9 See In Re Benninger, 357 B.R. 337.

10 See Kimble & Prokop, Jr., Strike Three for Legalese, Michigan B. J. 40 (Mar. 2014); Barbara Child, Language Preferences of Judges and Lawyers: A Florida Survey, 64 Fla. B. J. 32 (Feb. 1990).

11
For example: “‘Certificateholder’: With respect to any Certificate, the Person whose name is registered in the Certificate Register (including, solely for the purposes of distributing reports, statements or other information pursuant to this Agreement, Beneficial Owners or potential transferees of Certificates to the extent the Person distributing such information has been provided with an Investor Certification by or on behalf of such Beneficial Owner or potential transferee); provided, however, that, except to the extent provided in the next proviso, solely for the purpose of giving any consent or taking any action pursuant to this Agreement, any Certificate beneficially owned by the Depositor, the Master Servicer, the Special Servicer, the Trustee, the Certificate Administrator, the Operating Advisor, a manager of a Mortgaged Property, a Mortgagor or any Person known to a Responsible Officer of the Certificate Registrar to be an Affiliate of the Depositor, the Master Servicer, the Special Servicer, the Trustee, the Certificate Administrator, the Operating Advisor, a manager of a Mortgaged Property or a Mortgagor shall be deemed not to be outstanding and the Voting Rights to which it is entitled shall not be taken into account in determining whether the requisite percentage of Voting Rights necessary to effect any such consent or take any such action has been obtained; provided, however, that for purposes of obtaining the consent of Certificateholders to an amendment of this Agreement, any Certificate beneficially owned by the Depositor, the Master Servicer, the Special Servicer, the Trustee, the Certificate Administrator, the Operating Advisor or an Affiliate of the Depositor, the Master Servicer, the Special Servicer, the Trustee, the Certificate Administrator or the Operating Advisor shall be deemed to be outstanding, provided that if such amendment relates to the termination, increase in compensation or material reduction of obligations of the Depositor, the Master Servicer, the Special Servicer, the Trustee, the Certificate Administrator, the Operating Advisor or any of their Affiliates, then such Certificate so owned shall be deemed not to be outstanding; provided, however, if the Master Servicer, the Special Servicer or an Affiliate of the Master Servicer or the Special Servicer is a member of the Controlling Class, it shall be permitted to act in such capacity and exercise all rights under this Agreement bestowed upon the Controlling Class; provided, further, if an Affiliate of the Depositor, the Master Servicer, the Special Servicer, the Trustee, the Certificate Administrator or the Operating Advisor has provided an Investor Certification in which it has certified as to the existence of an Affiliate Ethical Wall between it and the Depositor, the Master Servicer, the Special Servicer, the Trustee, the Certificate Administrator or the Operating Advisor, as applicable, then any Certificates beneficially owned by such Affiliate shall be deemed to be outstanding.”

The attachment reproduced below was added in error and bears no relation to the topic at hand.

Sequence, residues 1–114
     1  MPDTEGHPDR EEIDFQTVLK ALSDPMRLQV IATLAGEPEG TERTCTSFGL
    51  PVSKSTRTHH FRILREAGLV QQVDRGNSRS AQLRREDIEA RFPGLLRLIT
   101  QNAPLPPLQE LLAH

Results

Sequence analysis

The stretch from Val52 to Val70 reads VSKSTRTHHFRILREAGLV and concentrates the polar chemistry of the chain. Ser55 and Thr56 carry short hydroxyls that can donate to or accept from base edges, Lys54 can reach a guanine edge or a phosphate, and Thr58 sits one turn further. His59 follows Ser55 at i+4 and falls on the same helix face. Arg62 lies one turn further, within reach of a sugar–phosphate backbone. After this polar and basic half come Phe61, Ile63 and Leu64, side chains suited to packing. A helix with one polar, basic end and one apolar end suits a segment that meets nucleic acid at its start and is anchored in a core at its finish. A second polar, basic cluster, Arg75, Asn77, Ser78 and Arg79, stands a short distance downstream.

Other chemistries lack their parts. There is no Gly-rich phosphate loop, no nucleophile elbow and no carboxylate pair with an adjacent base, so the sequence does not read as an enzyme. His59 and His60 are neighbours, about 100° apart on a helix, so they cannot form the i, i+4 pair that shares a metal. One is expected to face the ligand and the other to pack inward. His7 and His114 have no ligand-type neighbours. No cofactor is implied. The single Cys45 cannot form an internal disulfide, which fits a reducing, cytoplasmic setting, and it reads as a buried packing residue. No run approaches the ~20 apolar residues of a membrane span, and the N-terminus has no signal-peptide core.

12 See Paladino v. Avnet Computer Techs, 134 F.3d 1054 (11th Cir. 1988); Nicosia v. Wakefern Food Corp., 136 N.J. 401, 643 A.2d 554 (N.J. 1994).

This article was first published in the April 2017 issue of The Florida Bar Journal, Volume 91, No. 4.

The Ties That (May) Bind: ensuring letters of intent do not impose binding obligations on parties